2017 U.S. NATIONALS & WORLD TRIALS
- June 27 – July 1, 2017
- Indianapolis, IN
- IU Natatorium (on IUPUI campus)
- World Championship Selection Criteria
- Meet Info
The American men have long been the dominant force on the world stage in the 400 IM. Heading into last summer they had won every Olympic title since 1992, and even though Chase Kalisz couldn’t quite get the job done, his performance for silver was very impressive.
His 4:06.75 took nearly two and a half seconds off his best time prior to the meet (he also went a PB in prelims), and made him the 5th fastest performer in history. Now sitting as the lone man under 4:10 this season, he could very well be the man to return the U.S. to the top of the 400 IM podium this summer in Budapest.
Last year the former Georgia Bulldog took off two seconds from in-season to trials, and then two more from Omaha to Rio. Look for a similar progression this year. After going 4:09.43 in Atlanta, 4:07 would be a good bet for trials, and once the World Championships roll around he could even be toying with Ryan Lochte‘s 4:05.18 mark as the 2nd fastest ever. Even if that may be a little too optimistic, Michael Phelps‘ Championship Record (4:06.22) is certainly at risk to go, either by Kalisz, Olympic champ Kosuke Hagino or defending World champ Daiya Seto.
Litherland ran down Lochte for the second Olympic spot last summer, and went onto make the Olympic final placing 5th. Shortly after winning the event in 4:13.79 at the Santa Clara Pro Swim he came right back with a win in the 200 free, showing his training has been on point. After three 4:11s last summer he could very well crack the 4:10 barrier this year.
Bentz was 4th at Trials going 4:13 both in prelims and finals, and like Litherland is known to close very strongly. Heading into Omaha his 2016 season-best was 4:17.2, but he’s only 4:21.9 heading to Indianapolis. It’s tough to predict if a nice taper will bring him back down to his level from last year, but I predict he won’t be far off.
Aside from the Georgia guys, Cal’s Josh Prenot is also in the running to earn a spot on the Worlds team in this event. Prenot scratched the final in Omaha after posting a 4:14.1 in prelims, and won silver at the 2015 World University Games behind Litherland back in 2015 (where he went his best time of 4:13.15). He’s been the 3rd fastest American this year at 4:14.7, and looks like he could be in for a big drop this summer after he didn’t show all his cards last year. As the 3rd fastest man ever in the 200 breast he’ll certainly thrown down a fast split there, and the freestyle leg is where Litherland and potentially Bentz will be trying to run him down.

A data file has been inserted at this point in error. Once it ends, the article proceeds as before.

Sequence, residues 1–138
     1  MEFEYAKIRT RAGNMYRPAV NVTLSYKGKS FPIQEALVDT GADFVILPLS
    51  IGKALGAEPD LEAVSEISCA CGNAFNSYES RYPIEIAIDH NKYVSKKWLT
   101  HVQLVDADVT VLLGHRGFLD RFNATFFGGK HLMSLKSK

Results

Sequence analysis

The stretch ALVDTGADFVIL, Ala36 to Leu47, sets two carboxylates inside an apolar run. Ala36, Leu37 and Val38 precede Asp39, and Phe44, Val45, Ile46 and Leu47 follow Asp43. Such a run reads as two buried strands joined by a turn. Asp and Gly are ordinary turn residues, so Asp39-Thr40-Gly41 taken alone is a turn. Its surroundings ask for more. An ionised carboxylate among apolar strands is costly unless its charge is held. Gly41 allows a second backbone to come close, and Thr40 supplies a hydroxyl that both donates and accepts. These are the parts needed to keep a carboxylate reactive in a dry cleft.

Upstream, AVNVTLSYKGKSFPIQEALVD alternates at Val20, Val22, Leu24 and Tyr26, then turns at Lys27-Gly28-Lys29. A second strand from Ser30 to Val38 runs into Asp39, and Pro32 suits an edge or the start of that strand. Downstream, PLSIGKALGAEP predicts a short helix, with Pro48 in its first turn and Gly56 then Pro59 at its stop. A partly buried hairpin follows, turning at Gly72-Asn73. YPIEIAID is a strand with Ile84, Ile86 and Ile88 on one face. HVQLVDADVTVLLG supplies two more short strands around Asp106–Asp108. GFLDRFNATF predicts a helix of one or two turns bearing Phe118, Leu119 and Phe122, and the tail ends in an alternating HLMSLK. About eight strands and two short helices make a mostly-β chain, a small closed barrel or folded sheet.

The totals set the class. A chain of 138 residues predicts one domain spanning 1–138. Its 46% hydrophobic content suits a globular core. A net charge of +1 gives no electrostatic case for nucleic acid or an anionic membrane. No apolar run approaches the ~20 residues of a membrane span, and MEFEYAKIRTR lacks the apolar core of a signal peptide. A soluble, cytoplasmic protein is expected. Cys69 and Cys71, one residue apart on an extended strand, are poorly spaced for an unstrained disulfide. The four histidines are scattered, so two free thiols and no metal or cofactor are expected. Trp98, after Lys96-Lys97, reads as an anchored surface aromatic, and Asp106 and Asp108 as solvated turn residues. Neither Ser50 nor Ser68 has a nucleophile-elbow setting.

Stanford’s Abrahm DeVine was one of three swimmers who benefitted from scratches to slot into the 400 IM final in Omaha, and made good on it lowering his personal best down to 4:14.98 finishing 6th. He’s been 4:17.5 this season, nearly two seconds better than he was last year in-season, and was also two seconds better at NCAAs than he was last year. DeVine is one who could surprise the others and push for a spot, and it’s worth noting his free split in Santa Clara (57.6) was over two seconds faster than when he went his best time (59.9), which is a positive sign.
Sean Grieshop, who will begin his college career with Cal in September, is another up-and-comer in this event. He won the World Junior title in 2015, the Junior Pan Pac title in 2016, and in between had his two fastest swims ever to place 5th at the Olympic Trials. It might be a year or two away from his time with Kalisz and co. at the helm, but he’s certainly on the rise.
Those six look to be pretty safe bets to final, but behind them the battle for the other two spots will be fierce.
Charlie Swanson is one who has seen steady improvement in this event every year, and will challenge for a finals berth. After placing 4th at the 2015 World Juniors he broke 4:20 for the first time in Omaha to make the final, and finished the summer off with a silver medal at the Junior Pan Pacs in a best of 4:17.3. Heading into last year’s Trials he had already been under 4:20 in-season, so his 2017 best of 4:25 leaves a lot of time to knock off with taper.
There are a few others who weren’t really on the radar last year but have emerged this season with some top ranked swims. Kieran Smith was ranked 26th in the country last year but sits 5th this year with his 4:20.37, and Grant Sanders has moved up 74 spots to sit 7th at 4:21.90. Smith, born in 2000, is on the rise and one to watch out in the future, while Sanders has seen a return to form after a poor 2016. Look for both to push for a spot in the A-final.
As mentioned in other previews, Andrew Seliskar is a question mark heading into the meet. He hasn’t raced – long course or short course – since NCAAs, where he did finish as the runner-up in the 400 IM, but he would need to be much better than his 4:20 from last year to be factor.
TOP 8 PICKS:
|PLACE||SWIMMER||BEST TIME SINCE 2015||PREDICTED TIME|
Darkhorse: Youngster Mikey Calvillo from the Alamo Area Aquatic Association has lowered his best from 4:28 in 2016 to 4:26 in January and now 4:24.86 with his 4th place finish at the Santa Clara Pro Swim. If he can produce another solid drop in Indianapolis he’ll push for a spot in the A-final.